Yes, I am happy to support Mondaq in maintaining its free to view business model by agreeing to allow Mondaq to share my personal data with Contributors whose Content I access
No, I do not want Mondaq to share my personal data with Contributors

Also please let us know whether you are happy to receive communications promoting products and services offered by Mondaq:

Yes, I am happy to received promotional communications from Mondaq
No, please do not send me promotional communications from Mondaq
Terms & Conditions

Mondaq.com (the Website) is owned and managed by Mondaq Ltd (Mondaq). Mondaq grants you a non-exclusive, revocable licence to access the Website and associated services, such as the Mondaq News Alerts (Services), subject to and in consideration of your compliance with the following terms and conditions of use (Terms). Your use of the Website and/or Services constitutes your agreement to the Terms. Mondaq may terminate your use of the Website and Services if you are in breach of these Terms or if Mondaq decides to terminate the licence granted hereunder for any reason whatsoever.

Use of www.mondaq.com

To Use Mondaq.com you must be: eighteen (18) years old or over; legally capable of entering into binding contracts; and not in any way prohibited by the applicable law to enter into these Terms in the jurisdiction which you are currently located.

You may use the Website as an unregistered user, however, you are required to register as a user if you wish to read the full text of the Content or to receive the Services.

You may not modify, publish, transmit, transfer or sell, reproduce, create derivative works from, distribute, perform, link, display, or in any way exploit any of the Content, in whole or in part, except as expressly permitted in these Terms or with the prior written consent of Mondaq. You may not use electronic or other means to extract details or information from the Content. Nor shall you extract information about users or Contributors in order to offer them any services or products.

In your use of the Website and/or Services you shall: comply with all applicable laws, regulations, directives and legislations which apply to your Use of the Website and/or Services in whatever country you are physically located including without limitation any and all consumer law, export control laws and regulations; provide to us true, correct and accurate information and promptly inform us in the event that any information that you have provided to us changes or becomes inaccurate; notify Mondaq immediately of any circumstances where you have reason to believe that any Intellectual Property Rights or any other rights of any third party may have been infringed; co-operate with reasonable security or other checks or requests for information made by Mondaq from time to time; and at all times be fully liable for the breach of any of these Terms by a third party using your login details to access the Website and/or Services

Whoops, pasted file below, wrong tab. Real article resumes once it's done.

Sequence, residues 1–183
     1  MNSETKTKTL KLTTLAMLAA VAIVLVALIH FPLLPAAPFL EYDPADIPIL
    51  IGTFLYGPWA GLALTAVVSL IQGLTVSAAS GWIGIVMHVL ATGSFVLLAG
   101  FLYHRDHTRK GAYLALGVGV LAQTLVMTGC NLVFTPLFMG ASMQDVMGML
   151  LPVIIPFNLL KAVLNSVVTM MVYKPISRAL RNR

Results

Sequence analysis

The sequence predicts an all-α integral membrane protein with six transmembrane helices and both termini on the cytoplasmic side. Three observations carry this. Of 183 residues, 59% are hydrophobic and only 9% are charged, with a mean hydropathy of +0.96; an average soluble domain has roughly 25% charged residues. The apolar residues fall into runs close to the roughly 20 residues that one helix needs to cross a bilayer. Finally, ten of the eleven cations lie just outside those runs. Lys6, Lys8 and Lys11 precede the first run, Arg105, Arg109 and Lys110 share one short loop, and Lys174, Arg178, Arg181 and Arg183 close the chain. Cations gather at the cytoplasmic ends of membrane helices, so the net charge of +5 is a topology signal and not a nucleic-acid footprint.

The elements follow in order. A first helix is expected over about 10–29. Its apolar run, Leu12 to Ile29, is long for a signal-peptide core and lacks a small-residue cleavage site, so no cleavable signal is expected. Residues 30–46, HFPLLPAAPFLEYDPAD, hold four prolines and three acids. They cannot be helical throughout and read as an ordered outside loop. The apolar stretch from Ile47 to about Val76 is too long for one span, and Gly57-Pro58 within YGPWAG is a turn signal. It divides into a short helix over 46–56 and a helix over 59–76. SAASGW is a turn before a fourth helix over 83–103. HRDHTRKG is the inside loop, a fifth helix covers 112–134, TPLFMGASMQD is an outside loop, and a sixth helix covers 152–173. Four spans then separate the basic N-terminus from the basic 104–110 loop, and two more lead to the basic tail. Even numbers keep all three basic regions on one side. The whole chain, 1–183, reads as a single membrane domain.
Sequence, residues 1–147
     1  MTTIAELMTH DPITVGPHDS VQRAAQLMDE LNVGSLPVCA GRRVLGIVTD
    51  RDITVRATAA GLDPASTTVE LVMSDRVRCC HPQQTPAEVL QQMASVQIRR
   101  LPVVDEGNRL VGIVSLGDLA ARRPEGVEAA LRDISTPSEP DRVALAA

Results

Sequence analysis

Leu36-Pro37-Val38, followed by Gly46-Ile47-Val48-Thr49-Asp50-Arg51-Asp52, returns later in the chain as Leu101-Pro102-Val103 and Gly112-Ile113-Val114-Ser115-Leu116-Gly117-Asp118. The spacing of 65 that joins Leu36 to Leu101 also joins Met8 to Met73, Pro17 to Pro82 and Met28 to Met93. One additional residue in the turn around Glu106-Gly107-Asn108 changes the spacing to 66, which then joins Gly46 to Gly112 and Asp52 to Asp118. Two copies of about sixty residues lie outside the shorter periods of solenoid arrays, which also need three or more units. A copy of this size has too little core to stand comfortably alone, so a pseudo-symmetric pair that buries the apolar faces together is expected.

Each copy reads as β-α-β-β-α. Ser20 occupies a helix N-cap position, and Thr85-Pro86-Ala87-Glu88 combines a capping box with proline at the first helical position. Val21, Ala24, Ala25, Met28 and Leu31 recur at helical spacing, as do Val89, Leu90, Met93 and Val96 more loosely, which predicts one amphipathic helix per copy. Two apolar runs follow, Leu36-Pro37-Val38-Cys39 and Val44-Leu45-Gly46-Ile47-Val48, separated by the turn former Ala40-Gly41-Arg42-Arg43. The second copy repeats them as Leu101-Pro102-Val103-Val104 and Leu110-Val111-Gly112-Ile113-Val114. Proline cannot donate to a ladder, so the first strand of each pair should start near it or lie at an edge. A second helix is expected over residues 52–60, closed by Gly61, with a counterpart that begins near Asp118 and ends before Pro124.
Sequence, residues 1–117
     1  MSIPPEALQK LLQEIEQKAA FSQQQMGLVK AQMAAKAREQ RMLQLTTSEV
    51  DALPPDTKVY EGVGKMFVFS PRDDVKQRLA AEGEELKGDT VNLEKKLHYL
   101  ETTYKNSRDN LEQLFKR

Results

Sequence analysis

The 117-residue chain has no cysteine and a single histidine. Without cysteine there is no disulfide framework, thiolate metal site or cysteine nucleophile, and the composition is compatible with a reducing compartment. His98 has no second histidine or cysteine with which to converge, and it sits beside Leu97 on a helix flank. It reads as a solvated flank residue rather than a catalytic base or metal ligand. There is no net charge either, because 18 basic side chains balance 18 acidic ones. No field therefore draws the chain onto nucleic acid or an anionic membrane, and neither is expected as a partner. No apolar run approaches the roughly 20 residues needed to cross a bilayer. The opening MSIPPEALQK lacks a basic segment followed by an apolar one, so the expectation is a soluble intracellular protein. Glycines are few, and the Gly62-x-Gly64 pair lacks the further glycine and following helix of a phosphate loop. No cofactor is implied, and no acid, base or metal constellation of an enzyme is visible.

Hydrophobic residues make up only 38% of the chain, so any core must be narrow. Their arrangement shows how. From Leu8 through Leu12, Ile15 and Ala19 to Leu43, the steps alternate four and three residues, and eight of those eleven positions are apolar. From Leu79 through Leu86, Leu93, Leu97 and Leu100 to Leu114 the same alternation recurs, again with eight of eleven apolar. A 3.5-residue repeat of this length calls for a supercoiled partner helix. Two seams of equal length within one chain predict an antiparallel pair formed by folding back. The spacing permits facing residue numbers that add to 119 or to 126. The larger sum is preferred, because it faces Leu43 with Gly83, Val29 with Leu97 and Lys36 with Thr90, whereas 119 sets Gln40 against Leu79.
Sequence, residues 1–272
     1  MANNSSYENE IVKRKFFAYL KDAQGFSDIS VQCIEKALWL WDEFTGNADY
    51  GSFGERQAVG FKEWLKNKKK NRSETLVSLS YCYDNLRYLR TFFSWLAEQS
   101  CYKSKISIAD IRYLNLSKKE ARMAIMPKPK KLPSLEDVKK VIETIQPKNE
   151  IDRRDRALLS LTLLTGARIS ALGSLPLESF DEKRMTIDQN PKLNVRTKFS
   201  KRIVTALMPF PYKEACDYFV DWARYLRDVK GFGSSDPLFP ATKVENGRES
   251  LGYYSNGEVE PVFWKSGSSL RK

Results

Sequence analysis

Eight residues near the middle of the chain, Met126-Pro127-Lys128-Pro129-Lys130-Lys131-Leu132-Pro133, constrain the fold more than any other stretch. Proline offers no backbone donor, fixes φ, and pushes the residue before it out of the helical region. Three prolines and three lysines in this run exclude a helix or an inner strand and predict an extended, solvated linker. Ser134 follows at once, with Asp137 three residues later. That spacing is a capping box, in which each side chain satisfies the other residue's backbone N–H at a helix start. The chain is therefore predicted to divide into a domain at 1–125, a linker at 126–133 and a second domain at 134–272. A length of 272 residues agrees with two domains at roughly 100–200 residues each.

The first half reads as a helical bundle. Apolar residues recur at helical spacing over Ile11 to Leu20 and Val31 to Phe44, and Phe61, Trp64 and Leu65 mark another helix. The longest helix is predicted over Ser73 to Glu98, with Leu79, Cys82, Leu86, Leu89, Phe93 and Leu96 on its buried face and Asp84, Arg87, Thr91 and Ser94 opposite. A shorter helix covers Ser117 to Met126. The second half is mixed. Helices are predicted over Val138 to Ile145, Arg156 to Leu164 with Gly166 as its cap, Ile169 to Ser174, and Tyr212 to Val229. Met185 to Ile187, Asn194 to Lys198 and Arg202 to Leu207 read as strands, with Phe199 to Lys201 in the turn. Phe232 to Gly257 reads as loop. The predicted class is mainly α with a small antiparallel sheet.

however, you shall not: do anything likely to impair, interfere with or damage or cause harm or distress to any persons, or the network; do anything that will infringe any Intellectual Property Rights or other rights of Mondaq or any third party; or use the Website, Services and/or Content otherwise than in accordance with these Terms; use any trade marks or service marks of Mondaq or the Contributors, or do anything which may be seen to take unfair advantage of the reputation and goodwill of Mondaq or the Contributors, or the Website, Services and/or Content.

Mondaq reserves the right, in its sole discretion, to take any action that it deems necessary and appropriate in the event it considers that there is a breach or threatened breach of the Terms.

Mondaq’s Rights and Obligations

Unless otherwise expressly set out to the contrary, nothing in these Terms shall serve to transfer from Mondaq to you, any Intellectual Property Rights owned by and/or licensed to Mondaq and all rights, title and interest in and to such Intellectual Property Rights will remain exclusively with Mondaq and/or its licensors.